Most Instant Pots do not have a specific "simmer" function, but they do have a "Slow Cook" function that can be used to cook dahl on a low heat setting for an extended time. Using the Slow Cook function, you can set the Instant Pot to cook dahl for 4-6 hours on the low heat setting, which should result in a creamy and flavorful dahl.
However, if you are looking to cook dahl quickly, the Instant Pot's pressure cooking function can significantly reduce the cooking time. Depending on the type of dahl, cooking it under high pressure in an Instant Pot can take as little as 8-12 minutes, which is much faster than cooking it on the stove for an hour.
You wanna see how this yummy thing gets made? I will walk you through the whole quick process. Or you can follow along with the easy-to-print recipe card towards the bottom of this page.
Rinse and pick through the red lentils to ensure they are completely free of foreign contaminants.
Warm the oil in a pot over high heat. After 60 seconds, when the oil is hot, add the mustard seeds. Cook the mustard seeds in the hot oil until they start to pop and sputter rapidly.
Stir in the chilies, spices, salt, and ginger, and turn the heat down to medium.
After about 90 seconds, when the spices are fragrant, add the diced tomato, curry leaves, and cilantro. Sauté for 3-4 minutes until the tomatoes start to break down a bit.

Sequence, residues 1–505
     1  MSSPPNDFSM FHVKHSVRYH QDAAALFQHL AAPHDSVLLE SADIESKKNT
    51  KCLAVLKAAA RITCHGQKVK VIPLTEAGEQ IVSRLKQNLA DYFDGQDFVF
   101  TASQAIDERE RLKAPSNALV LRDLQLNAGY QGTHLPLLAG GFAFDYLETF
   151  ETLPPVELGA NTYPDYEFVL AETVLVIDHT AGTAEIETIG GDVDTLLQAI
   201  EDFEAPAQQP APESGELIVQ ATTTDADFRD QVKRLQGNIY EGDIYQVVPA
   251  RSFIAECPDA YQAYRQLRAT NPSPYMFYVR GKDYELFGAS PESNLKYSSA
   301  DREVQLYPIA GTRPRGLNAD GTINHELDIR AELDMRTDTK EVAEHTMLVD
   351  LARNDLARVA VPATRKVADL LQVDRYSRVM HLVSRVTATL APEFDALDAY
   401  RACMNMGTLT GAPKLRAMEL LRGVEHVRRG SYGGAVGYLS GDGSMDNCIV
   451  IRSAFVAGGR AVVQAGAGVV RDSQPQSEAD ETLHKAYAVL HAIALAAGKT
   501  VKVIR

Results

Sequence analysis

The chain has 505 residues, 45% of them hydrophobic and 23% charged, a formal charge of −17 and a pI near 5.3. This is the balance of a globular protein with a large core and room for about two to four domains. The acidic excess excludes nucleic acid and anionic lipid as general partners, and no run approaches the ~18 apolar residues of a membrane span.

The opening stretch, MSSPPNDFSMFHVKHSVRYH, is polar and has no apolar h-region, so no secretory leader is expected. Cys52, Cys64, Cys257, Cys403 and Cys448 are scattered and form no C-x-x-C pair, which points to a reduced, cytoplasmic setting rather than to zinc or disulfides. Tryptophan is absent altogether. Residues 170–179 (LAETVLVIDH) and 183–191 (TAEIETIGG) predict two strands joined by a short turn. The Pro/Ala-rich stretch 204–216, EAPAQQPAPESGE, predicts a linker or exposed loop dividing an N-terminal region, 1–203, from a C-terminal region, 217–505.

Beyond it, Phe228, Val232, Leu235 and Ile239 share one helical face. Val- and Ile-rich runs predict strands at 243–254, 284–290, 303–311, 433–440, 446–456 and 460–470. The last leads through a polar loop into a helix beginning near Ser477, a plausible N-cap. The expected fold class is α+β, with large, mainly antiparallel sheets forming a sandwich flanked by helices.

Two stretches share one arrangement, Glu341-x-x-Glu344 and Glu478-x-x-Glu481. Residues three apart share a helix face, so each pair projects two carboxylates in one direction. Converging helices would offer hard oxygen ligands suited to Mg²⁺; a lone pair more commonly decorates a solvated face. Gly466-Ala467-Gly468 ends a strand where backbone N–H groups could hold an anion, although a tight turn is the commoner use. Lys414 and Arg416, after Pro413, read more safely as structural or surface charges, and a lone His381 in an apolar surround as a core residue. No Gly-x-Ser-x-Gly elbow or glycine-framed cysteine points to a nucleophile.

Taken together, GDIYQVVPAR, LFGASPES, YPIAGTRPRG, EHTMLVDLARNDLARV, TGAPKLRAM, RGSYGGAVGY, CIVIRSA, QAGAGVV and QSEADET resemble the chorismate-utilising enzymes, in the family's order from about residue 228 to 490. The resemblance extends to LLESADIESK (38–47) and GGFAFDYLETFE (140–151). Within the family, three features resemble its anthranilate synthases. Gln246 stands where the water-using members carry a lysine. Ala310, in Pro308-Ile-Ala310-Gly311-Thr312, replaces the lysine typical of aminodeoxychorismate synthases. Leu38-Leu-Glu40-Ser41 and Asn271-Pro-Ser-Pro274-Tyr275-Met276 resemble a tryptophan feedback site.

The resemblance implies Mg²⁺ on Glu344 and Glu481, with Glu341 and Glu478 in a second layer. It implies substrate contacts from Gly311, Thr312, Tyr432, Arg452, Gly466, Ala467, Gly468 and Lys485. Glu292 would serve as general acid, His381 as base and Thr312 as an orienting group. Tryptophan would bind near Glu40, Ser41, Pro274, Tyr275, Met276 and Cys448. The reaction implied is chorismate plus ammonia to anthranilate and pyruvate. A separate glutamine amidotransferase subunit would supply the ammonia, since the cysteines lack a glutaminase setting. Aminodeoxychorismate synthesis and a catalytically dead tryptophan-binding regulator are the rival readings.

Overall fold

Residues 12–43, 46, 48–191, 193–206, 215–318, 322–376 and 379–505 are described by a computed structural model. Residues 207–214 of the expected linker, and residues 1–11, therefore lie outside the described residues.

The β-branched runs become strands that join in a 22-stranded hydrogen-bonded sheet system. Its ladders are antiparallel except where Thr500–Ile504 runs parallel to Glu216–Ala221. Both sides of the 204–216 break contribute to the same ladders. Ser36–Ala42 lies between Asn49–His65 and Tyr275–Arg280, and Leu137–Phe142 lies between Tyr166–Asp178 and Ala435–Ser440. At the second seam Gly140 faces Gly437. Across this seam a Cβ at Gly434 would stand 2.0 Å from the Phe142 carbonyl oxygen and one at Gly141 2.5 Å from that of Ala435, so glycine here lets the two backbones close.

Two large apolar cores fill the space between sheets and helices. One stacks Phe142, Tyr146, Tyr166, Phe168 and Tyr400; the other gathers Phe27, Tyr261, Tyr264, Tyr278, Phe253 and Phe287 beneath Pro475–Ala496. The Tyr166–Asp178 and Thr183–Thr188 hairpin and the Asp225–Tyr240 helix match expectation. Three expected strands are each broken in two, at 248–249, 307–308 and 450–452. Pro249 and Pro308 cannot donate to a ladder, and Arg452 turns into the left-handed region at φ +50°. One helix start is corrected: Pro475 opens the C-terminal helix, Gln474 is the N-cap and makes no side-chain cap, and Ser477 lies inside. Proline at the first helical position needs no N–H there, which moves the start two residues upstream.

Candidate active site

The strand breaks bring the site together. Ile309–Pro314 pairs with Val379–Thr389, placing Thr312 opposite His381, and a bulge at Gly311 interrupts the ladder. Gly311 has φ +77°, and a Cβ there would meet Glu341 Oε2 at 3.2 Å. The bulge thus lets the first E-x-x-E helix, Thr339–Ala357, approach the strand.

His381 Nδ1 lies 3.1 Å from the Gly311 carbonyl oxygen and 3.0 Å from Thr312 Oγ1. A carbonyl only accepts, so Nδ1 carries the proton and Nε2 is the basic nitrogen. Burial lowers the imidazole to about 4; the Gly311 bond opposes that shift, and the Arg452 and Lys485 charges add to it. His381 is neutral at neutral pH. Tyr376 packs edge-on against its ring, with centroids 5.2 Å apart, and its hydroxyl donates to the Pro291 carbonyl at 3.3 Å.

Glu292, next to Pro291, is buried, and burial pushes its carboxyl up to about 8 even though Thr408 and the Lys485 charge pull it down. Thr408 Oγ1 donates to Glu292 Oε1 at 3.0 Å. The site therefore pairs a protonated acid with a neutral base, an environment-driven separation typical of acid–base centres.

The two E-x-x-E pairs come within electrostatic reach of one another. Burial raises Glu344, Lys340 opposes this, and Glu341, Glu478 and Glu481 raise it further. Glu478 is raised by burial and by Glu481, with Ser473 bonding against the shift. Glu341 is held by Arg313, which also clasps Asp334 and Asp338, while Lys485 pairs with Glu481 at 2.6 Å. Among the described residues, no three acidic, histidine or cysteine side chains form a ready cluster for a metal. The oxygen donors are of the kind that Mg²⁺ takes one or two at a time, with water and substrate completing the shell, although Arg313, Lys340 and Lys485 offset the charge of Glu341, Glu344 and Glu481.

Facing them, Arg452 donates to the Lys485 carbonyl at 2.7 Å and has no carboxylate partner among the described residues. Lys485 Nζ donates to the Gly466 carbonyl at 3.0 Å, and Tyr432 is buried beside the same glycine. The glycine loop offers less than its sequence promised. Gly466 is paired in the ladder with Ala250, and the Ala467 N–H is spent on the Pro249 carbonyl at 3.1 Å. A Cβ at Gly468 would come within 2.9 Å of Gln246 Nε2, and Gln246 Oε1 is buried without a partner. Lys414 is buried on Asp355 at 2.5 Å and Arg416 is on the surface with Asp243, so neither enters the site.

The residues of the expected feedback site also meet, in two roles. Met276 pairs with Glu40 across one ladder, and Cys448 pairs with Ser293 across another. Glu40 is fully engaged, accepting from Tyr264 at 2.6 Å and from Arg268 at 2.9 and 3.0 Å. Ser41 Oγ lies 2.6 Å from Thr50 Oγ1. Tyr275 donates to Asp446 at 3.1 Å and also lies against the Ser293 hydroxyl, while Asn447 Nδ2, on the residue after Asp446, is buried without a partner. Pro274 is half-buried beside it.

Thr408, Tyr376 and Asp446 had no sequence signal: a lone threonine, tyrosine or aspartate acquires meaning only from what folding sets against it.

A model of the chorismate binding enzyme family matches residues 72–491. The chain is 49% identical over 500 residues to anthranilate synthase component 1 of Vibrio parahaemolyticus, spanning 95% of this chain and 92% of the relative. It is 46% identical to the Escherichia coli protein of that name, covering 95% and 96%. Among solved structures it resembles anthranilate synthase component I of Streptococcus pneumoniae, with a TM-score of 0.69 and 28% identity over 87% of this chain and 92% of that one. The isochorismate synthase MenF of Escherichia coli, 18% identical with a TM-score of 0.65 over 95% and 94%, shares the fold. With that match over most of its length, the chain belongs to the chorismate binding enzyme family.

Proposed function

Add the red lentils and the water or broth. Bring the pot up to a boil.
Once the contents of the pot are boiling, place a lid on the pot and lower the flame to a simmer. Cook the dahl for 60-75 minutes covered, until the lentils start to fall apart.
To serve, pour the dahl into an attractive serving bowl. Swirl in a few spoonfuls of unsweetened vegan yogurt if desired, lightly dust with Kashmiri red chili powder, and garnish with fresh cilantro leaves. Instead of yogurt, you could also swirl in a little of my easy-to-make homemade vegan labneh. It's nice to eat the dahl over coconut rice, or alongside some freshly grilled Parotta, Kuboos, potato kulcha, or flaky Msemen.
How to modify dahl to suit your ayurvedic dosha
Red lentil Dahl can be prepared in accordance with Ayurvedic principles for the three different doshas (Vata, Pitta, and Kapha) by adjusting the spices and ingredients used in the recipe. Here are some guidelines for preparing red lentil Dahl for each dosha:
For Vata Dosha:
- Use warming spices such as ginger, cumin, coriander, and cinnamon to balance the cold and dry qualities of Vata.
- Add some diced root vegetables such as carrot, beet, or parsnip to make it more grounding.
- Serve the Dahl warm or hot, and avoid eating it too late in the evening.
For Pitta Dosha:
- Use more cooling herbs such as coriander, fennel, mint, and cilantro to balance the heat and intensity of Pitta.